How to convert a certificate PFX file to CRT/KEY using openssl

Your PFX certificate file is protected with a password. It can be converted to CRT and KEY files using SSL:

openssl pkcs12 -in certfile.pfx -nocerts -out keyfile-encrypted.key

When you enter this command you will be asked to type in the pfx file password in order to extract the key. You will be asked to enter a passphrase for the encrypted key. The key will be stored in keyfile-encrypted.key.

The exported keyfile is encrypted but you might need it in unencrypted format. To unencrypt the key, do:

openssl rsa -in keyfile-encrypted.key -out keyfile.key

You will be asked for the passphrase that you entered in the previous step. The unencrypted key will be stored in keyfile.key.

Then it is time to extract the certificate:

openssl pkcs12 -in certfile.pfx -clcerts -nokeys -out certfile.crt

Again, you will need to enter the pfx file password in order to extract the certificate. The certificate will be stored in certfile.crt.

Fix the Heartbleed Bug on Ubuntu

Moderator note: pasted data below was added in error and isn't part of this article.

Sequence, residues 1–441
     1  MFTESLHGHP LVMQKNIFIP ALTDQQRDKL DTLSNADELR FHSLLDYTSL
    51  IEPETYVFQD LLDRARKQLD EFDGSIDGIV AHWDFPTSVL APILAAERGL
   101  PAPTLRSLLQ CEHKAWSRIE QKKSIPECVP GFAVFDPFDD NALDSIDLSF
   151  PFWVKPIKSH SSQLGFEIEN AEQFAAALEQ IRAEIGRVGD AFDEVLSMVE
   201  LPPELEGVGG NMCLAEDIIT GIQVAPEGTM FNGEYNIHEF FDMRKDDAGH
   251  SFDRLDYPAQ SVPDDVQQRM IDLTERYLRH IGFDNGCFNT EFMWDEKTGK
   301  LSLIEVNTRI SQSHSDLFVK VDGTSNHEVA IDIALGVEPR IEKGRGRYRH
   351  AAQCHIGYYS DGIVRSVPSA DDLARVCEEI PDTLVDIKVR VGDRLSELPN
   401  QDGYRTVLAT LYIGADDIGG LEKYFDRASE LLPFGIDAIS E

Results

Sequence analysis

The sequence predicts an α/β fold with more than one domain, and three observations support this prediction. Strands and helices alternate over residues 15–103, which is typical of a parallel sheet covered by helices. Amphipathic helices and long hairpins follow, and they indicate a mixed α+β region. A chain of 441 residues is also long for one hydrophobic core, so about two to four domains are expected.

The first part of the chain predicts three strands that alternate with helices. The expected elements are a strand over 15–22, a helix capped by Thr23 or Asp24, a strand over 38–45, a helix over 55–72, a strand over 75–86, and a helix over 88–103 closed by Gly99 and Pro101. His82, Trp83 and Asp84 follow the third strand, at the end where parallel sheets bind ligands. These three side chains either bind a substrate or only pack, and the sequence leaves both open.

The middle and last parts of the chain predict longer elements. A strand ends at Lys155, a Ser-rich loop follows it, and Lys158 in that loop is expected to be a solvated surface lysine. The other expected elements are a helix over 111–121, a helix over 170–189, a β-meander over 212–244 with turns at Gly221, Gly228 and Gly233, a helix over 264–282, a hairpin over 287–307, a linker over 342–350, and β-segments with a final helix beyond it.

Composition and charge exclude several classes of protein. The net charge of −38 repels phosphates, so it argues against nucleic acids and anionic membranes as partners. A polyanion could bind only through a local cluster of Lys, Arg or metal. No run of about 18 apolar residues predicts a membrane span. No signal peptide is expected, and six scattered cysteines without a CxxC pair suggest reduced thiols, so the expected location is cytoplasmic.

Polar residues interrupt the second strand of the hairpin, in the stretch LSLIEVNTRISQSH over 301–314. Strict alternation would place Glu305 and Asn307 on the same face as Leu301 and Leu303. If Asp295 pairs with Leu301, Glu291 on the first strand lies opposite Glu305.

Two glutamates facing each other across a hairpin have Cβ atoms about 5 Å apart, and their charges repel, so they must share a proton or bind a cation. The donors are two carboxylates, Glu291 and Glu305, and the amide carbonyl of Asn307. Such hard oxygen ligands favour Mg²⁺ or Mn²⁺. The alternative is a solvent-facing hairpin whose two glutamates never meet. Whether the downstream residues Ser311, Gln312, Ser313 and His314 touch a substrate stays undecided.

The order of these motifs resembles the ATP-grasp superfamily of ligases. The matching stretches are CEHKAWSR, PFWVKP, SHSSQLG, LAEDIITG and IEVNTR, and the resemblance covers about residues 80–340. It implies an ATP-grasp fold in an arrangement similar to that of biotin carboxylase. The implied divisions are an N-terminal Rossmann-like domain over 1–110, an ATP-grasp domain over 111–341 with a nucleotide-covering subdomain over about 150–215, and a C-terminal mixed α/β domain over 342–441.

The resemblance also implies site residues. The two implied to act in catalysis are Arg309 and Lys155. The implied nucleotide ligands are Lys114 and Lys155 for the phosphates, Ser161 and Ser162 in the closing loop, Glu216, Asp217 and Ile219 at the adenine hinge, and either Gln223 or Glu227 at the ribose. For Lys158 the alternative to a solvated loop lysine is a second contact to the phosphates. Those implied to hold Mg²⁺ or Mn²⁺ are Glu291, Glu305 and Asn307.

OpenSSL on Ubuntu can be vulnerable to the Heartbleed Bug. Not all versions of OpenSSL are affected though. 

OpenSSL version 1.0.1 to 1.0.1f are vulnerable.
OpenSSL version 1.0.1g are not vulnerable.
OpenSSL branches 1.0.0 and 0.9.8 are not vulnerable.

To fix this issue on Ubuntu systems: 

Check your OpenSSL version to see if it is vulnerable to the bug:

openssl version

If it says 1.0.1 check the build date:

openssl version -b

If it says anything before Apr 7 2014 you need to update OpenSSL. Proceed as follows:

sudo apt-get update
sudo apt-get install openssl
sudo apt-get install libssl1.0.0

Now verify that you are running the updated OpenSSL libraries:

openssl version
openssl version -b

The build date should now come out Apr 7 2014 or later.

Now you need to regenerate your SSL certificates as they might been compromised. A guide can be found here: